For $75 you can make a ballot argument mailed to Arizona voters
By Howard Fischer
Capitol Media Services
PHOENIX -- Got an opinion on voting procedures and ID requirements in Arizona?
In-state tuition for "dreamers''?
Or even whether Arizona needs a lieutenant governor?
Want to tell -- and try to influence -- more than just your immediate circle of friends and coworkers?
Well, you can. For $75.
That's all it takes to put a 300-word argument into a pamphlet that's going to be mailed to the homes of all nearly 4.3 million registered voters ahead of the Nov. 8 general election.
But you've got to act fast: The deadline is 11:59 p.m. Wednesday.
It's all part of a long-standing state law that allows individuals, organizations and political committees to make their own pitch to voters about ballot issues. The Secretary of State's Office then mails these out, one to each head of household with at least one registered voters.
Arguments have to be submitted electronically. In fact, the agency has set up a web site at: "https://ballotarguments.az.gov''.
It's pretty much self-explanatory.
First, pick out which of the 11 measures set to be on the ballot that you'd like to share your thoughts. Then it's a simple matter of deciding whether you're "for'' or "against'' the measure.
For all the rest, it's pretty much straight forward. Just type in what you want to say -- up to 300 words -- fill out the rest of the form and then, when prompted, make your $75 payment online with a credit card.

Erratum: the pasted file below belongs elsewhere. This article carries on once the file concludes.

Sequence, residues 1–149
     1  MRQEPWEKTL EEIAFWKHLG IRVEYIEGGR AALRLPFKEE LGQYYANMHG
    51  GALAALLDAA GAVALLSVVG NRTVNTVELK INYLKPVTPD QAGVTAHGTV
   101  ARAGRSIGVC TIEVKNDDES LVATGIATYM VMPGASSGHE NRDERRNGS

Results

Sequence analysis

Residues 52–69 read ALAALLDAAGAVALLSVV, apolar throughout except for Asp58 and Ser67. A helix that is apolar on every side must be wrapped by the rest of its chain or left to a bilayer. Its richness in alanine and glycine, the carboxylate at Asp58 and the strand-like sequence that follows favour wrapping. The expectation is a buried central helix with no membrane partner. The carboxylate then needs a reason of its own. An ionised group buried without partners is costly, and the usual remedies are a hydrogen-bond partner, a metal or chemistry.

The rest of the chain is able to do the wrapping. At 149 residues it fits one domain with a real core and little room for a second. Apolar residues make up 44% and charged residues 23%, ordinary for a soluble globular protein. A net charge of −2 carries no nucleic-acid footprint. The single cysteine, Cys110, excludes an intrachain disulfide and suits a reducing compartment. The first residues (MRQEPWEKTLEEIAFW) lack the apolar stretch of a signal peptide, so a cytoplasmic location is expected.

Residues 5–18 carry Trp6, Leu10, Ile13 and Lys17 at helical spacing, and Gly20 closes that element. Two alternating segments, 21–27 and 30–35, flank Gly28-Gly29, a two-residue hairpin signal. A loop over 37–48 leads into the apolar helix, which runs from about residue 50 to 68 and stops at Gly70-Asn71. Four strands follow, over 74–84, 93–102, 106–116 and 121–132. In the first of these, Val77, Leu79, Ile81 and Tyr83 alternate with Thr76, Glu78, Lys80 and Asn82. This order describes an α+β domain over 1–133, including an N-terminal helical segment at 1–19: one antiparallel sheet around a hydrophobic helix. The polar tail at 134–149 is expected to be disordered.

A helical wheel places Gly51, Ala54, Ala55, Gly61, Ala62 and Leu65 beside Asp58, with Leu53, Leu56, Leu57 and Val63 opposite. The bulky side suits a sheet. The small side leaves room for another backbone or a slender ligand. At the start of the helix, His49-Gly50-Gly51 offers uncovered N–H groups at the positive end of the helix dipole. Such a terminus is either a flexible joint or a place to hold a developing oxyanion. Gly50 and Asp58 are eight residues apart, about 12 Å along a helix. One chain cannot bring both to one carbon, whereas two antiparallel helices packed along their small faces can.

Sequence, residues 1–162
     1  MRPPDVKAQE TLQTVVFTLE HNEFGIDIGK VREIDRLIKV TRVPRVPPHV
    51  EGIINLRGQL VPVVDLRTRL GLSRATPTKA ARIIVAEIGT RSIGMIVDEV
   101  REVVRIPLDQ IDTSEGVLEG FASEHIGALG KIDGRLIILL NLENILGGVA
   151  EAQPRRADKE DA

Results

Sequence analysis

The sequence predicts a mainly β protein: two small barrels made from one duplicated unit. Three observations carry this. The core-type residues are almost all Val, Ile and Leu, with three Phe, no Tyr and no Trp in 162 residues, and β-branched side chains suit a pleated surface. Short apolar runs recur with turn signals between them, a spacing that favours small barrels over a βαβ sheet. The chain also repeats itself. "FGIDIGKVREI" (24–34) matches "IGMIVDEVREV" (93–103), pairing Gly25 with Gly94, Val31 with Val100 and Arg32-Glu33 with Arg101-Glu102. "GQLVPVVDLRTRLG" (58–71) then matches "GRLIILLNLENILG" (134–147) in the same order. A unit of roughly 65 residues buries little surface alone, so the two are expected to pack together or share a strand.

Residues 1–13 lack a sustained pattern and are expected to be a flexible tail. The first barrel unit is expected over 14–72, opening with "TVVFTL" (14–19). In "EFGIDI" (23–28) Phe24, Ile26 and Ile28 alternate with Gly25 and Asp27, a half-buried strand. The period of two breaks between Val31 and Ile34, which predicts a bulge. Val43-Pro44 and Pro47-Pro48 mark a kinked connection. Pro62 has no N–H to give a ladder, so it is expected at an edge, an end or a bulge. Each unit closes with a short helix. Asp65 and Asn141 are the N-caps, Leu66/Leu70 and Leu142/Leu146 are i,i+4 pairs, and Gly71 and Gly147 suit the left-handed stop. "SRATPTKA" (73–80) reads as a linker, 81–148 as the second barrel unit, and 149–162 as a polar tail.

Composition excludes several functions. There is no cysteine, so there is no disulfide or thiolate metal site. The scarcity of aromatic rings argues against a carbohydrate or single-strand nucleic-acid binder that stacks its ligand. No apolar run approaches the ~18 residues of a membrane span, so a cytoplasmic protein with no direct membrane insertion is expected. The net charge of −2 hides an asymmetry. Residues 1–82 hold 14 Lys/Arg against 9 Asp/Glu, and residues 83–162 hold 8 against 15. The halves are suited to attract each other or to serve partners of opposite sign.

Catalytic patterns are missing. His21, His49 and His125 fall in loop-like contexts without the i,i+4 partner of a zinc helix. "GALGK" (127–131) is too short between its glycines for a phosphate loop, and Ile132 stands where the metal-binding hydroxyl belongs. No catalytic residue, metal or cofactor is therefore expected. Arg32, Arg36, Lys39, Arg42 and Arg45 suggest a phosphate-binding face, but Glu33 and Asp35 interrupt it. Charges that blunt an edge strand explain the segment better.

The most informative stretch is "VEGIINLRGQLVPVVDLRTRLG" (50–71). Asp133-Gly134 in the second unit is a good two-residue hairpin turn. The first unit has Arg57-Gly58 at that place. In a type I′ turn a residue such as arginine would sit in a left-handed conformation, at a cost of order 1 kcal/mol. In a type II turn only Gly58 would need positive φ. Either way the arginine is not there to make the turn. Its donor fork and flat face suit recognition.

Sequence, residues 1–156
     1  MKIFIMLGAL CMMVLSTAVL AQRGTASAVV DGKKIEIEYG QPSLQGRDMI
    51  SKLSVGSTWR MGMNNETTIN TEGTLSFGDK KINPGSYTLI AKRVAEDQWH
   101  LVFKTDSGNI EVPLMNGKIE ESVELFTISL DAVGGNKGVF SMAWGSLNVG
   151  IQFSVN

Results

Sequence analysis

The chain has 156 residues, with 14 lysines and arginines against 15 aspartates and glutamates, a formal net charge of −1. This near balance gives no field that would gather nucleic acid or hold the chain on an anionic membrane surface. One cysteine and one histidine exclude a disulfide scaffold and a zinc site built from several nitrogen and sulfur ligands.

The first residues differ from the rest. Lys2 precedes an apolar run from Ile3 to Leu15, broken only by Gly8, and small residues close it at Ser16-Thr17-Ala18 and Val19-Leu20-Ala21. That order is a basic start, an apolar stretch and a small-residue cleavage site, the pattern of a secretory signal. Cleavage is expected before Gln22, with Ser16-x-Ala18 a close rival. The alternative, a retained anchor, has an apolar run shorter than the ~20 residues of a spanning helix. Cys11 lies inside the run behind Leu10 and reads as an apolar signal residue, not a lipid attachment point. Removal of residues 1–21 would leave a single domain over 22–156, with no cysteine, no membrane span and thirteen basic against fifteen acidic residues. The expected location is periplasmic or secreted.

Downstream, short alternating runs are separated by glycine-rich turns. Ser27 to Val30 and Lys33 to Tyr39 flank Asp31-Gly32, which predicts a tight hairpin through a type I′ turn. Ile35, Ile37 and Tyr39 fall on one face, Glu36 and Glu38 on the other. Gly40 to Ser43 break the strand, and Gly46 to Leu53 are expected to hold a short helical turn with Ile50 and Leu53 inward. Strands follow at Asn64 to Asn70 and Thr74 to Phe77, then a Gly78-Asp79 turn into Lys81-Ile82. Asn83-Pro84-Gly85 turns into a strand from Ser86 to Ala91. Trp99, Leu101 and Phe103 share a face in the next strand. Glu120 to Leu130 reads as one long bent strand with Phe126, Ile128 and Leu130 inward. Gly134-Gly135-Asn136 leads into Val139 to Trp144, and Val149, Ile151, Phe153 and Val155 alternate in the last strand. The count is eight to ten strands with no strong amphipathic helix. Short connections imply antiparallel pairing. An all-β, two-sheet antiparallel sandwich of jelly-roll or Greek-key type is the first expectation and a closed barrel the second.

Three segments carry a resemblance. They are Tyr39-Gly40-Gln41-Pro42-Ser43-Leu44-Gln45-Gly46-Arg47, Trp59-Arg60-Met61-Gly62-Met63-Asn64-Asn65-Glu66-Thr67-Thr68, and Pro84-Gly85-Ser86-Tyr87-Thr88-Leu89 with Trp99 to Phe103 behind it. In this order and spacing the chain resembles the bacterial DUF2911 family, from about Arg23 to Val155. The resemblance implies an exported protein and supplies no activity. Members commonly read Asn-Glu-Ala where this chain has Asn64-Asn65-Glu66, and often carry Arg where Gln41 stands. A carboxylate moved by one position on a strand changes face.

The web site has a drop-down menu to let you select the measure on which you want to opine.
What you do with those 300 words is pretty much up to you.
The office doesn't edit for content, though it might seek legal advice before printing an argument with some four-letter words not generally used in polite conversation.
But pretty much anything else is in bounds, whether it actually relates to the ballot measure or not.
There are restraints.
The web site won't accept efforts to use bold or italics to make a point, though people are free to capitalize for emphasis.
Also, only online submissions will be accepted. Forget about typing or printing up something at home and showing up at the Secretary of State's Office, paper in hand.
One other thing: While the deadline for submitting arguments is Wednesday night, court challenges or signature counts could result in one or more of the three voter-proposed measures not making the ballot. But there are no refunds if a measure is removed.
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